Nov 3, 2004, 3:36 PM
Post #3 of 4
>I have fairly large perl \TK GUI application as Engine
Re: [codeword] Large APP and Perl modules
[In reply to]
>which drives all other perl programs which uses number
>of standard modules which gets installed through PPM.
I've heard of, but never used this TK. As I understand it, and please correct me if I'm wrong, TK lets you create a GUI application with widgets that are used like those in an .exe program for your PC, right?
>Now since this gets used by number of users, is it
>necessary that each one should have perl installed
>and each one should install all these modules on
Is this a client/server or a single user app?
Standard modules are installed with Perl. And yes, you will have to tell each user to install Perl on their machines. Any operating system will not load and execute source code. It has to be compiled/linked/translated to machine language.
Are you trying to create a single-user application? You know, like those you use on your PC with a .exe extension?
>Can I follow the approach that install perl at one
>place on server with all need standard modules through
>PPM and let individual user point PERL5LIB to this dir
Don't expect someone's PC software to rely on a remote machine's software for it to execute. Not even if it's, for example, a service like the weather or a proprietry data service from a stockbroker or somewhere. Servers are for data requests. They are not for sending source code to. (Not yet anyway)! :)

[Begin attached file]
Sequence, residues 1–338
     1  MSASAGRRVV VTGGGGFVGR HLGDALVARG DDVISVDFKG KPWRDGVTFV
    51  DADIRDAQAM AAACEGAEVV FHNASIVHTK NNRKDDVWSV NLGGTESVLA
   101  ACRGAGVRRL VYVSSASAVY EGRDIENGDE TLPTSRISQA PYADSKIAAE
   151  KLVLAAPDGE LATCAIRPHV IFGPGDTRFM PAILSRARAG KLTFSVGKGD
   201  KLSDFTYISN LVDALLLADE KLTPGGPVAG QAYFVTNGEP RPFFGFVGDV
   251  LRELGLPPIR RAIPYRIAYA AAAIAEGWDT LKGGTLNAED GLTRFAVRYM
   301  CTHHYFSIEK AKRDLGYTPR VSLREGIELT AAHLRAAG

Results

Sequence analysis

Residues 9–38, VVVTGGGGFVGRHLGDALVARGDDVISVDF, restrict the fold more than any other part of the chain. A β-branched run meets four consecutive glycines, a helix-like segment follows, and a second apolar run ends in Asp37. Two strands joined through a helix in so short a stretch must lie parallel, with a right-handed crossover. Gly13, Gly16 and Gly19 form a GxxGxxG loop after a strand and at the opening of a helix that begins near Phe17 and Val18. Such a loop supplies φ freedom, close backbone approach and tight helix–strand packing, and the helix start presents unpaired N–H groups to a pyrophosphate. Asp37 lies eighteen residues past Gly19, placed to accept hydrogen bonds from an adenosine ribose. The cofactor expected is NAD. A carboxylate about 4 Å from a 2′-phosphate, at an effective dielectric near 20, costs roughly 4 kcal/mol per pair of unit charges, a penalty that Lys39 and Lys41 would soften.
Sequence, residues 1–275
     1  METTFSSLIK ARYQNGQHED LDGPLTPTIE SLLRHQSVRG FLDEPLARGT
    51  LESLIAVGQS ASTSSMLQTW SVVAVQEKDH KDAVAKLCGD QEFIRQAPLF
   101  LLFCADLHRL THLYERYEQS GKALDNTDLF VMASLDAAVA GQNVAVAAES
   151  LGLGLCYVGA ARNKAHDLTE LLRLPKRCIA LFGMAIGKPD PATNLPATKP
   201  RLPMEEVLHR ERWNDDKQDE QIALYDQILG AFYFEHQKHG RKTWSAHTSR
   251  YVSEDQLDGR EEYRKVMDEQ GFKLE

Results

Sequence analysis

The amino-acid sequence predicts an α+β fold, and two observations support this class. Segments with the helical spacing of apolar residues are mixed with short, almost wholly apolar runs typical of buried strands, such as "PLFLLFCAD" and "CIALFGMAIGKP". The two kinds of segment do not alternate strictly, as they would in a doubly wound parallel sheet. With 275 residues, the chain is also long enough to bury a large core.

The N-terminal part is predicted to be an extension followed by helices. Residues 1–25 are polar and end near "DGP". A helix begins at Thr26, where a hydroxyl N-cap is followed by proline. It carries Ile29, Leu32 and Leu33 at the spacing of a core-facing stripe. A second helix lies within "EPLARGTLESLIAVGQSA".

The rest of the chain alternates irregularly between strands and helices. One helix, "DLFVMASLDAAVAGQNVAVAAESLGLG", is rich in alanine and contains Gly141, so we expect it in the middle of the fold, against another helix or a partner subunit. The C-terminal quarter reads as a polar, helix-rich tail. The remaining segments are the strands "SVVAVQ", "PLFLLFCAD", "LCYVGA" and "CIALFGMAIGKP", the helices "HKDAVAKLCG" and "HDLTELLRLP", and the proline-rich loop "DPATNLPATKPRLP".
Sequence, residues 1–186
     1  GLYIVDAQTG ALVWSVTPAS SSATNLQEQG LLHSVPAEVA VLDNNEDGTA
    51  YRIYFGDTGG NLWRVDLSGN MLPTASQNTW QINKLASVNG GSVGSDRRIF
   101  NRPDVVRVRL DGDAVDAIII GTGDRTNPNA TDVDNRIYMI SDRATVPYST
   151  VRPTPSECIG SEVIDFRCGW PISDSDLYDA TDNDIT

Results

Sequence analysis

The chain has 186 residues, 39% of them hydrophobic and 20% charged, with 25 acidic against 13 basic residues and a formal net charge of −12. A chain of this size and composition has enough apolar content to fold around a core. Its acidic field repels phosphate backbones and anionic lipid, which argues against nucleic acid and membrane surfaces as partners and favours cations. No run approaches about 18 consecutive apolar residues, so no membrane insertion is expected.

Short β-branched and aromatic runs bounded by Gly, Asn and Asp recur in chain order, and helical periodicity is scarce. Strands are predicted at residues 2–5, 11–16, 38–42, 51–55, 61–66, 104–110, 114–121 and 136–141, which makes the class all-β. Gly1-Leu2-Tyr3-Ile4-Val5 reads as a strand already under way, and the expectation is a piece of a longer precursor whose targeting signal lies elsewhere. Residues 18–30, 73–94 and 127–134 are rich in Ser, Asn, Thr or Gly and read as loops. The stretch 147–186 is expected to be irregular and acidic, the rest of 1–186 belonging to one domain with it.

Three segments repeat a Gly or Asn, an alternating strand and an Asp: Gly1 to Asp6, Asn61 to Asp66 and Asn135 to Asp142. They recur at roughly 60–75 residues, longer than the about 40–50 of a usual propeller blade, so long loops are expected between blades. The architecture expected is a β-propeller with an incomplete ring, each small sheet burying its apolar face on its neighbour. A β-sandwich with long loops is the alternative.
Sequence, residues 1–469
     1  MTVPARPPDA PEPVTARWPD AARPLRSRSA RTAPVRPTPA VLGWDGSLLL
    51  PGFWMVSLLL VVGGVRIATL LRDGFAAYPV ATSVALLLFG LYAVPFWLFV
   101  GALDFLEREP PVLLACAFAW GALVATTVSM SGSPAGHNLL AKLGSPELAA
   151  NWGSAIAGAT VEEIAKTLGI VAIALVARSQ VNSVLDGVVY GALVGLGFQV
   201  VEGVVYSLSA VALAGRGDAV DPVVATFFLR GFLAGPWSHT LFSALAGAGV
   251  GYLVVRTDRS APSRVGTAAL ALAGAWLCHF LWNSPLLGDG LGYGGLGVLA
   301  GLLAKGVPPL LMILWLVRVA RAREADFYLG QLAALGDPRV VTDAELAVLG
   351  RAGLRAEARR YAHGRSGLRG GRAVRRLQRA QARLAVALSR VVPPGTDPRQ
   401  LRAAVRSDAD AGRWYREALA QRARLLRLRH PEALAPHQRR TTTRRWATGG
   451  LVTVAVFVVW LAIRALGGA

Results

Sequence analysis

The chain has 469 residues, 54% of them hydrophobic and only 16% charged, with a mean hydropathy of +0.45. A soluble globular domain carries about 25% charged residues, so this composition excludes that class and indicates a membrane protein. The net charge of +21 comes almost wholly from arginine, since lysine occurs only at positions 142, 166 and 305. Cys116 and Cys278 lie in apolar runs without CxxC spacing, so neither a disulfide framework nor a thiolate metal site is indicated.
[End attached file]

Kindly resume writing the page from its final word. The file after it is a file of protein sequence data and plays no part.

There are some very efficient web sites which rely entirely on Perl. It is not the most efficient way to do it, but there are certain advantages (ease/speed of development, input checking/cleansing, garbage collection, etc.). You should also think about how often the interpreter is being called.
>Won't this approach make it more easy to maintain for
I can understand some people calling Perl a "hacking" or "glue" language because that's how I use it. If I suddenly have an idea, I don't bother with the pseudocode that they teach at uni. I just write a quick Perl script with modules. Sometimes those scripts hang around for years before they're converted to something more appropriate.
I think you should check out ACE (Adaptive Communications Environment) for your networking. It is platform independent, yes, you heard me right, awesomely platform independent. There are plenty of toolkits for executables. I use C++ with MFC and .NET for Windows and QT for NIX.
If anyone thinks I'm wrong about Perl not being the right horse for this course, I would be grateful to hear from you.